Poet, photographer, essayist, activist Margaret Randall to read works

Margaret Randall

Margaret Randall

PORT ANGELES — Margaret Randall — poet, essayist, oral historian, translator, photographer and social activist — will offer a commented poetry reading followed by a conversation with students and community members at 12:30 p.m. April 8.

The free presentation honoring National Poetry Month will kick off Peninsula College’s spring Studium Generale series.

To join the Zoom meeting, go to https://pencol-edu.zoom.us/j/89616075652 and use meeting ID 896 1607 5652.

Randall lived in Latin America for 23 years. From 1962 to 1969, she and Mexican poet Sergio Mondragón co-edited El Corno Emplumado/The Plumed Horn, a bilingual literary quarterly that published new literature and art of the ’60s.

When she returned to the U.S. in 1984, she was ordered deported under the McCarran-Walter Act of 1952, with government officials saying that some of the opinions expressed in her books were “against the good order and happiness of the United States.”

With the support of many writers and others, she won her case in 1989.

Throughout the late 1980s and early 1990s, she taught at several universities, most often Trinity College in Hartford, Conn.

Randall’s most recent poetry titles include “As If the Empty Chair / Como si la silla vacía,” “The Rhizome as a Field of Broken Bones,” “About Little Charlie Lindbergh,” “She Becomes Time” and “The Morning After: Poems & Prose in a Post-Truth World” (all from Wings Press).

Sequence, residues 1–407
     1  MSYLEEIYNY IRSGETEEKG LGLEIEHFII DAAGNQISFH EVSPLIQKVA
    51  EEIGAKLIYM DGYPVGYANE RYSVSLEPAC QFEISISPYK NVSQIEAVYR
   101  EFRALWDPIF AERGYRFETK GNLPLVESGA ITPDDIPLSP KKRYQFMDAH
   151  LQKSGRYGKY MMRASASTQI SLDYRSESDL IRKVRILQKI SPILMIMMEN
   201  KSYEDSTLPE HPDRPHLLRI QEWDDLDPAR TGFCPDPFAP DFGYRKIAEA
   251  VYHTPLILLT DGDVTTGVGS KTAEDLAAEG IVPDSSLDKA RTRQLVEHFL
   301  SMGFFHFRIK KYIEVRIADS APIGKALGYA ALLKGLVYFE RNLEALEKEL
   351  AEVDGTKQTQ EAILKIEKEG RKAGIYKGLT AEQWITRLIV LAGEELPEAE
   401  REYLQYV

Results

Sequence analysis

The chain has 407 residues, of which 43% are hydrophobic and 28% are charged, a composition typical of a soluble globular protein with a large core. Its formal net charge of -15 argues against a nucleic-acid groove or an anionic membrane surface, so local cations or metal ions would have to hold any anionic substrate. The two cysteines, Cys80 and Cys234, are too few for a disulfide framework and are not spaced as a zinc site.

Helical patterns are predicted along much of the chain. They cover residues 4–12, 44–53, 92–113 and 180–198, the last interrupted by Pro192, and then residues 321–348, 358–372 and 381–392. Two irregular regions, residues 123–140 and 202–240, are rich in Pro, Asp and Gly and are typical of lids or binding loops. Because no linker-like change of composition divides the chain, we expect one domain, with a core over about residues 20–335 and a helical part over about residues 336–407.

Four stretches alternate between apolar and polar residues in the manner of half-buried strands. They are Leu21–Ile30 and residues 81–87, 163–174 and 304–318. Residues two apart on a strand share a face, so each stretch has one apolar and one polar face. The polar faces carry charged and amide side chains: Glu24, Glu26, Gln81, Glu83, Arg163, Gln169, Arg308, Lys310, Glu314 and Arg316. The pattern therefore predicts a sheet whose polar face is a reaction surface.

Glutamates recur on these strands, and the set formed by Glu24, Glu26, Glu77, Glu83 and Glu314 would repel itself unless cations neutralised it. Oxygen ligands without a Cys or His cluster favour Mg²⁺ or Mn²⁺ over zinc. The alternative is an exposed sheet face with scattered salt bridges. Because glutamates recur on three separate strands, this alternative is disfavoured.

“Che On My Mind,” a feminist poet’s reminiscence of Che Guevara, published by Duke University Press, and “More Than Things,” essays, from The University of Nebraska Press, are other recent titles.

“Haydée Santamaría: She Led by Transgression” was released by Duke in 2015. “Exporting Revolution: Cuba’s Global Solidarity” was published by Duke in 2017. “Time’s Language: Selected Poems: 1959-2018” came out from Wings in the fall of 2018; it covers 60 years of her poetry.

Wings also published her collection of poems written about the COVID-19 experience: “Starfish on a Beach: The Pandemic Poems,” October 2020.

Her memoir, “I Never Left Home: Poet, Feminist, Revolutionary,” was released by Duke in March 2020. And New Village Press published her “My Life in 100 Objects” in September 2020.

Forthcoming in 2021 are several new books: “Out of Violence into Poetry,” “Thinking about Thinking,” and “Artists in My Life.”

She also has devoted herself to translation, producing “When Rains Become Floods” by Lurgio Galván Sánchez, “You Can Cross the Massacre on Foot” by Freddy Prestol Castillo, “Voices from the Center of the World: Contemporary Poets of Ecuador” and “Only the Road / Solo el camino,” an anthology of eight decades of Cuban poetry.

Red Mountain Press in Santa Fe and The Operating System in Brooklyn have brought out her translations of individual Cuban poets. Randall received the 2017 Medalla al Mérito Literario, awarded by Literatura en el Bravo in Ciudad Juárez, Mexico.

More recent honors received by Randall include the “Poet of Two Hemispheres” prize, given by Poesía en Paralelo Cero, Quito, Ecuador, in April of 2019 and the Haydée Santamaría Medal, given by Casa de las Américas, Cuba, in May 2019.

In May 2019, the University of New Mexico gave her an honorary doctorate in letters.

In March 2020 AWP named her the year’s recipient of its George Garrett Award.

That same month she was honored with the 2019-2020 Paulo Freire Democratic Project Award by Chapman University’s Donna Ford Attallah College of Education.

Randall lives in Albuquerque, N.M, with her partner (now wife) of more than 34 years, the painter Barbara Byers, and travels extensively to read, lecture and teach.

She is the author of more than 150 books.

For more about her, see www.margaretrandall.org.

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